AUSTIN (KXAN) — “I think we got hit,” an American Airlines pilot can be heard saying in newly released air traffic control chatter from the moments after his plane made contact with a United Airlines plane at Austin-Bergstrom International Airport Wednesday night.
“Oh, yes you did,” another person confirmed.
“You guys are perfect, you were sitting there, you just got hit by United,” another person can be heard saying.
The pilot expresses concern about his tail due to having an auxiliary power unit turned on and someone assures him it looked like the plane’s right stabilizer was the area damaged.
“There’s a chunk of something laying off your tail but the APU is running just fine, there’s no leaks or smoke,” the voice says.
The United flight 898 — from Austin to Houston — was taxiing to the runway from gate 19 and the American flight was taxiing into gate 21 when the incident happened around 8:20 p.m.
American says their plane was stationary when the collision happened. United originally said that the other plane had run into them but released a new statement Thursday morning stating while their plane “was taxiing to the runway, one of its wings made contact with another aircraft on the tarmac.”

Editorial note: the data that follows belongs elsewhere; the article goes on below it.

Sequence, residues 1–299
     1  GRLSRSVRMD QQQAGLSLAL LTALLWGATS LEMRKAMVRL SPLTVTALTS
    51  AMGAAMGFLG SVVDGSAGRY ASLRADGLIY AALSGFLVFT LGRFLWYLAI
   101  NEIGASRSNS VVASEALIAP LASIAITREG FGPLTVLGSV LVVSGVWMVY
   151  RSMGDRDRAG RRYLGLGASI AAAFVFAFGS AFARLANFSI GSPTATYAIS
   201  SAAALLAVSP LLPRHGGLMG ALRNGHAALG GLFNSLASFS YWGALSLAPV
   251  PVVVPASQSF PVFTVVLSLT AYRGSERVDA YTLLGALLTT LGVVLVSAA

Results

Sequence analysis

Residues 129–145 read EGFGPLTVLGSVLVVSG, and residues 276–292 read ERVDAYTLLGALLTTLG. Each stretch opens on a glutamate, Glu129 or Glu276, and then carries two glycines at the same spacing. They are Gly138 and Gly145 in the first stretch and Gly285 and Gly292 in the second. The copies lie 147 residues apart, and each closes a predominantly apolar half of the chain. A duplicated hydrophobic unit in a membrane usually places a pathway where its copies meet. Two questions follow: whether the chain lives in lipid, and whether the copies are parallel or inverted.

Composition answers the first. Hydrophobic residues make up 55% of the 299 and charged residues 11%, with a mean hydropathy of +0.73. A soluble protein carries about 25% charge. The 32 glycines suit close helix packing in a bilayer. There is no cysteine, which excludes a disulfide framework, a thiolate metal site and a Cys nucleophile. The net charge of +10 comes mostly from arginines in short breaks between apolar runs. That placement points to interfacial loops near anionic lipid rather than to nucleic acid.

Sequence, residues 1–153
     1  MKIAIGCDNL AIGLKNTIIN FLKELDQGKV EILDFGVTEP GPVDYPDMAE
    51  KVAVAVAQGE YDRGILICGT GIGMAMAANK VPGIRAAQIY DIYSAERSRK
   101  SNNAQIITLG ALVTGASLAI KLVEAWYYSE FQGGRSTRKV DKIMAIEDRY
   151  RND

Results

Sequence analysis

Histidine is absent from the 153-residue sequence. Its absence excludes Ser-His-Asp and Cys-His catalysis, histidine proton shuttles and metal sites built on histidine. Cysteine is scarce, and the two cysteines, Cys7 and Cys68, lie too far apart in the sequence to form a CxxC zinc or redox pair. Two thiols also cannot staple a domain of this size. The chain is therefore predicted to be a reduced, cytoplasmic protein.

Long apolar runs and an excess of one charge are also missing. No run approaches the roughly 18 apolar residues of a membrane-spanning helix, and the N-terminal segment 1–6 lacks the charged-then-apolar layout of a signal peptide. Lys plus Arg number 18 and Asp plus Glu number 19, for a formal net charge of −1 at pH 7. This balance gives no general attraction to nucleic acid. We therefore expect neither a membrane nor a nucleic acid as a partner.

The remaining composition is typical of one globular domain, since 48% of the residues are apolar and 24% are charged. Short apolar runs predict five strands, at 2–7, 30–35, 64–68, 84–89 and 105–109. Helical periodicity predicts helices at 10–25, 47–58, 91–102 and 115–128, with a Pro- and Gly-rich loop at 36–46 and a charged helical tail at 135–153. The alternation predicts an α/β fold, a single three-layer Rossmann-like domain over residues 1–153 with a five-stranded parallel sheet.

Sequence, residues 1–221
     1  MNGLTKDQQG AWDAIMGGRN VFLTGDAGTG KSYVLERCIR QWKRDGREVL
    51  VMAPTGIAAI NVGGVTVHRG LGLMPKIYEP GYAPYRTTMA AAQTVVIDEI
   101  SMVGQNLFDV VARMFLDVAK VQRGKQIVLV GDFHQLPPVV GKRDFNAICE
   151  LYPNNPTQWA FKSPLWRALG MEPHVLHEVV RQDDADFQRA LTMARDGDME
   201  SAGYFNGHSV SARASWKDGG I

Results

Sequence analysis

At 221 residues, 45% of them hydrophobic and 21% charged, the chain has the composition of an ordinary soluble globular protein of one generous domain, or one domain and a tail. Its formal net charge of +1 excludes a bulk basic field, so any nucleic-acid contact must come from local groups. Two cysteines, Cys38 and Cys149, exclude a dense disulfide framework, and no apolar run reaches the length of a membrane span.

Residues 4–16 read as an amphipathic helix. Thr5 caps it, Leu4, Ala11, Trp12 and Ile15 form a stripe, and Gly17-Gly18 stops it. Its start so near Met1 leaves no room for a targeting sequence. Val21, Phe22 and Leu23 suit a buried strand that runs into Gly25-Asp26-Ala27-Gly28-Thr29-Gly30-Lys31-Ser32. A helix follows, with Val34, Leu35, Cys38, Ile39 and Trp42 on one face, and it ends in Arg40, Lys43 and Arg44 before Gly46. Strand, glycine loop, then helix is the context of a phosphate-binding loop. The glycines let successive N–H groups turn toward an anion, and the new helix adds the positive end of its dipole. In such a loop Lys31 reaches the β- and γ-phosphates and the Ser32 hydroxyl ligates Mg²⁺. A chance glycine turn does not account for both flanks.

While the air traffic control chatter makes the situation seem clear, the Federal Aviation Administration has not yet said exactly who was to blame for the collision.
FAA spokesperson Lynn Lunsford said encounters between planes happen but they are “statistically rare.” The agency said that since 2002, it has tracked 59 wing clips among planes nationwide, of those four were in Texas.
A passenger of the United flight, Cody Strickland, said the pilot came over the intercom after the collision and acknowledged it was his fault. They were already 30 minutes delayed when it happened.
“It’s scary, isn’t it,” Strickland, who is a former KXAN News producer, said. “And this was only 10 miles an hour. Imagine if you’re speeding down the runway.”
On the United flight there were 105 passengers and crew members and there were 149 passengers and 6 crew on the American flight.
Strickland said the United flight was towed back to the gate after more than two hours waiting at the collision scene. He said many of the passengers had to make other travel plans.
“I don’t know how you clip the plane,” said Strickland. “So, I don’t know if this is a lighting issue at ABIA. I don’t know if this is a matter of the tarmac being too close to the gates. But, it’s really scary if the pilot can’t see where he’s going.”